Estes lets Saul go, brusquely saying he’s changed his mind (it seems unlikely Saul will ever find out exactly what caused this). Brody and his wife Jessica (Morena Baccarin) finally break up for good and Brody gives his blessing to former best friend Mike (Diego Klattenhoff) to return to the Brody family – Mike had been there while Brody was presumed dead and fits better than Brody does.
Brody and Carrie both attend the memorial for U.S. Vice-President Walden at CIA headquarters. Walden died of a heart attack – both Brody and Carrie know that Brody caused this to save Carrie from Nazir, but no one else is aware of this. Brody gives Carrie the nod to leave the room during the service, and they slip away. Carrie tells Brody she’s decided to be with him. Then Brody looks out the window of the room they’re in and notice someone has moved his car from where it was to a no-parking zone in front of the building.
And then an enormous bomb goes off.
In the immediate aftermath, Carrie almost shoots Brody, but he persuades her that he didn’t do it. The bomb has killed almost everyone at the service, including Walden’s wife, young son and most CIA officials, including Estes. Saul isn’t there – he’s been supervising the at-sea burial of Nazir.
Carrie arranges a false identity for Brody. While this is happening, the tape that Brody made when he almost did commit a suicide bombing a year earlier is released to the news, along with a statement from Nazir’s organization, claiming responsibility for the bombing. Brody’s family is horrified, believing he did it after all. Carrie and Brody see that he’s being framed in revenge for turning on Nazir. Carrie helps Brody get over the border, but says she has to go back and clear his name. Brody thinks this is really goodbye forever. He loves her and hikes off into the darkness.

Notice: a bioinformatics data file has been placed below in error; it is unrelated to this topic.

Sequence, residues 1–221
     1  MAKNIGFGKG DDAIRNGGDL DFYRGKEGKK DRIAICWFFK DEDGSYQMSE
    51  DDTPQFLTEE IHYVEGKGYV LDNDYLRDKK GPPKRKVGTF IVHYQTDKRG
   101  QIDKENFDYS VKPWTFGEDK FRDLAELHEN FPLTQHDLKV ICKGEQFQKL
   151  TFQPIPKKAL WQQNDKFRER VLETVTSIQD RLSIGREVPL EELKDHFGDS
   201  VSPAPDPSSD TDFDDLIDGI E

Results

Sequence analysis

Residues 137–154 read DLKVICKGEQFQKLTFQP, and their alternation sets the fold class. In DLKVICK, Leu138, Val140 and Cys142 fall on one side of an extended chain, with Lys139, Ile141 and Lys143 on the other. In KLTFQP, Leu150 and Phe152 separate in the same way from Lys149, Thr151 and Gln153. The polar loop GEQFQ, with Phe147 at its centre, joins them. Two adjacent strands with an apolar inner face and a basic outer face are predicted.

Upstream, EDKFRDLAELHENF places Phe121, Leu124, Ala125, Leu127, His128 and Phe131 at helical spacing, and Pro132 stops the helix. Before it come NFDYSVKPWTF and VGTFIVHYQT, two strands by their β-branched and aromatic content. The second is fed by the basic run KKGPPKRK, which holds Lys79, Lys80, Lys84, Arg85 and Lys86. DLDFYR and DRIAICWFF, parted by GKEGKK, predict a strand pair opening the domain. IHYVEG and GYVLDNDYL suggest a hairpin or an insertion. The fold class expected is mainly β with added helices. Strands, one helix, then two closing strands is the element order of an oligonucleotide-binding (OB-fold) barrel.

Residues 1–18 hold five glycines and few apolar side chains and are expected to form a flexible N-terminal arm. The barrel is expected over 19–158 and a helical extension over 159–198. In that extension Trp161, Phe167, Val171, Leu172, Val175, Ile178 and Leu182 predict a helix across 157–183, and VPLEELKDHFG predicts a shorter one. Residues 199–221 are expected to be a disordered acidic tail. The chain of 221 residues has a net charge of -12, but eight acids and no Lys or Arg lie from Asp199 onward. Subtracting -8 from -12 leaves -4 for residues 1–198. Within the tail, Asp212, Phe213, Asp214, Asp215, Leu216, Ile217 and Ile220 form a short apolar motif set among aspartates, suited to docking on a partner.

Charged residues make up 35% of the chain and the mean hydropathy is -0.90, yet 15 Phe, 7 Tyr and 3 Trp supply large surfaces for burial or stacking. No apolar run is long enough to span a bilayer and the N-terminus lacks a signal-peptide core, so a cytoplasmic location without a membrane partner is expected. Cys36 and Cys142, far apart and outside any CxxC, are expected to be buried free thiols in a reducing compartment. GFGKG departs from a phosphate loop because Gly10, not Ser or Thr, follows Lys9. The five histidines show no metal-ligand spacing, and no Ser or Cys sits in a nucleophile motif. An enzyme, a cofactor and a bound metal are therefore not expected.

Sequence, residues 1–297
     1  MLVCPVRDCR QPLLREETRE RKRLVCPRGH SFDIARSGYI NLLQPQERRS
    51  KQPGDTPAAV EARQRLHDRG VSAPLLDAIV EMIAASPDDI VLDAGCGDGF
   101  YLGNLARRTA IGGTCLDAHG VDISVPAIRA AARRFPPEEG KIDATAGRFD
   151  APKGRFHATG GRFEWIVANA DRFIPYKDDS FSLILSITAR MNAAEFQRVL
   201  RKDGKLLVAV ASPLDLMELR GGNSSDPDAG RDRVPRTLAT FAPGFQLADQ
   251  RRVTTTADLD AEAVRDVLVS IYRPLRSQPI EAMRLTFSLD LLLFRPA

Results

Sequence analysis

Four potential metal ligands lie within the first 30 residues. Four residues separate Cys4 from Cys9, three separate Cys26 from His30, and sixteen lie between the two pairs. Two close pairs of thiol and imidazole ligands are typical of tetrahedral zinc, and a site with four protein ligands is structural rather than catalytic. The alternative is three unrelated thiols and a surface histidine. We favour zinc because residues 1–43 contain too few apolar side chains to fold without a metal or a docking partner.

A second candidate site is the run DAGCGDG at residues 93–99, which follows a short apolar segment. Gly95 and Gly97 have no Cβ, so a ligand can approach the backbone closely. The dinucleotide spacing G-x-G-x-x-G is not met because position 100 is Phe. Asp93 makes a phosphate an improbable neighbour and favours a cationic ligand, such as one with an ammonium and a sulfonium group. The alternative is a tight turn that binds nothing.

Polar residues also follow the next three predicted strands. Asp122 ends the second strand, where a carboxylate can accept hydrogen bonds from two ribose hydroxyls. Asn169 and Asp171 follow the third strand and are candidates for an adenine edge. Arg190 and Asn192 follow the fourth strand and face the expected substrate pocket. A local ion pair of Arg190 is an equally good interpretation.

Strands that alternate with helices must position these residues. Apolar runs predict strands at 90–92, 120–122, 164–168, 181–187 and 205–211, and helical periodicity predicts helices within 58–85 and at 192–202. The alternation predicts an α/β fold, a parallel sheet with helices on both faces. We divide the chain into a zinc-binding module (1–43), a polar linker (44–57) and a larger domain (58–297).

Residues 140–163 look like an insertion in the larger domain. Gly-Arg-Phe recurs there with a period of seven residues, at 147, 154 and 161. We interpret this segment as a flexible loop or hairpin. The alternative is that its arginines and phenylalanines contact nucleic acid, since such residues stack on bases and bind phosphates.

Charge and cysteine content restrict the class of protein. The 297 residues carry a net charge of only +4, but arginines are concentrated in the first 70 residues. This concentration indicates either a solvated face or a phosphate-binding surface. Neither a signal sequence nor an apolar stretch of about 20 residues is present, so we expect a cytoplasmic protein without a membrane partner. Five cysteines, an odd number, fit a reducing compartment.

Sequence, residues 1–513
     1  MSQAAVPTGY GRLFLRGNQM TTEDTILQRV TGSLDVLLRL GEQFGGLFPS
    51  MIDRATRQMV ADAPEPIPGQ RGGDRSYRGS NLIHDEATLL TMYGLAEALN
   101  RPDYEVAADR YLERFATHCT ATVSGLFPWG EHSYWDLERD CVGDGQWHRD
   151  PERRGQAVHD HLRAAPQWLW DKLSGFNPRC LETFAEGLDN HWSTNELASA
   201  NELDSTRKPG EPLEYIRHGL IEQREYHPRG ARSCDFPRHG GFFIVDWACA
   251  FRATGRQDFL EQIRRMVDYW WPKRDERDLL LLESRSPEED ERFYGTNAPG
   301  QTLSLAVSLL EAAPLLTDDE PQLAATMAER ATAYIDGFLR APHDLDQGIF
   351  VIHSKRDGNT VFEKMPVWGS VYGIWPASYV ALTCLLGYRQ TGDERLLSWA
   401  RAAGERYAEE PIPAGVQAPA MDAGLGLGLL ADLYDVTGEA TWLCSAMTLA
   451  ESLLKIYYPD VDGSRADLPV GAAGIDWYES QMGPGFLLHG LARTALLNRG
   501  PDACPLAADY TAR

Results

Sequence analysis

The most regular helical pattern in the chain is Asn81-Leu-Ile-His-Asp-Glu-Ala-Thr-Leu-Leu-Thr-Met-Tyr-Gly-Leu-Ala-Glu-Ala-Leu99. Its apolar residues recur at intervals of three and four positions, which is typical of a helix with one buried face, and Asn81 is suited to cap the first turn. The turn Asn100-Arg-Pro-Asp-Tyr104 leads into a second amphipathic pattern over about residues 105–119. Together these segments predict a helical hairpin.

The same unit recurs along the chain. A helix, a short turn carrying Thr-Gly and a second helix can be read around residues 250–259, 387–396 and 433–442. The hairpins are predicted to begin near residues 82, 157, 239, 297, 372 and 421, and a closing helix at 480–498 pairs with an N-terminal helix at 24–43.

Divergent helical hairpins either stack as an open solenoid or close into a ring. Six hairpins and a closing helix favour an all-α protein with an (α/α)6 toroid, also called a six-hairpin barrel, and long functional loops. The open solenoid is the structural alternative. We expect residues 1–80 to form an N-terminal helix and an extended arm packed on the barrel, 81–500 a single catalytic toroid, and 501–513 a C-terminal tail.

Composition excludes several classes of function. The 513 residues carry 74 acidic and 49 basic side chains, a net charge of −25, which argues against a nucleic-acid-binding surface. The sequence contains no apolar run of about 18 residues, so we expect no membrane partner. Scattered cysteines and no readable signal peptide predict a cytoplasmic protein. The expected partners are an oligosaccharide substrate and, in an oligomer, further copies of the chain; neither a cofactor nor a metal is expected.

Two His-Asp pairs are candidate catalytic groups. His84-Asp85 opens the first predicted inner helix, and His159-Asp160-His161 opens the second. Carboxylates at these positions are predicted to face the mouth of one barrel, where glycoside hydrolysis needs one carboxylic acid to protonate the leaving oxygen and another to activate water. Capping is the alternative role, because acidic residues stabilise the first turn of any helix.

At the CIA building, Saul says Kaddish, the Jewish prayer for the dead, over the approximately two hundred sheet-draped bodies on the floor. (Some viewers wrongly thought he was saying something in Arabic or Farsi. No, Saul is Jewish and he’s reciting the prayer in Hebrew.) Carrie enters the room, says Saul’s name and the season ends.
Before the bomb goes off, we’re waiting for something to happen – surely the season finale isn’t going to be simply wrapping everything up – but we’re so geared up to think that Quinn is going to kill Brody that we’re not looking for a larger incident. Once Quinn pulls out, we start being primed again, but the bombing of the memorial is as shocking as it’s meant to be.